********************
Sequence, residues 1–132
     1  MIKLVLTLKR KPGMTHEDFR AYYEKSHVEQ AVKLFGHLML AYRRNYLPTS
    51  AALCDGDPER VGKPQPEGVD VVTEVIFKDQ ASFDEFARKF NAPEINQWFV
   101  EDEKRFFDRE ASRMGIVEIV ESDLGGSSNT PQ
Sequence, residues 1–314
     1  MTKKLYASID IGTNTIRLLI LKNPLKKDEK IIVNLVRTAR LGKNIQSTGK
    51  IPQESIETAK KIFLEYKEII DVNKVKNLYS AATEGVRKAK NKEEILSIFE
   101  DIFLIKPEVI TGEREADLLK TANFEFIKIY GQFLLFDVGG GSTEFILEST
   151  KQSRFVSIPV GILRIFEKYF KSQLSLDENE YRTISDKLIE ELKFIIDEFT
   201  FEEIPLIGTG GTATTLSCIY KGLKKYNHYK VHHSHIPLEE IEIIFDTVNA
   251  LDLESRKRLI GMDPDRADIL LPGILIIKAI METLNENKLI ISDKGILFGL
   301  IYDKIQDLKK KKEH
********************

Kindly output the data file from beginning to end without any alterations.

Sequence, residues 1–132
     1  MIKLVLTLKR KPGMTHEDFR AYYEKSHVEQ AVKLFGHLML AYRRNYLPTS
    51  AALCDGDPER VGKPQPEGVD VVTEVIFKDQ ASFDEFARKF NAPEINQWFV
   101  EDEKRFFDRE ASRMGIVEIV ESDLGGSSNT PQ
Sequence, residues 1–314
     1  MTKKLYASID IGTNTIRLLI LKNPLKKDEK IIVNLVRTAR LGKNIQSTGK
    51  IPQESIETAK KIFLEYKEII DVNKVKNLYS AATEGVRKAK NKEEILSIFE
   101  DIFLIKPEVI TGEREADLLK TANFEFIKIY GQFLLFDVGG GSTEFILEST
   151  KQSRFVSIPV GILRIFEKYF KSQLSLDENE YRTISDKLIE ELKFIIDEFT
   201  FEEIPLIGTG GTATTLSCIY KGLKKYNHYK VHHSHIPLEE IEIIFDTVNA
   251  LDLESRKRLI GMDPDRADIL LPGILIIKAI METLNENKLI ISDKGILFGL
   301  IYDKIQDLKK KKEH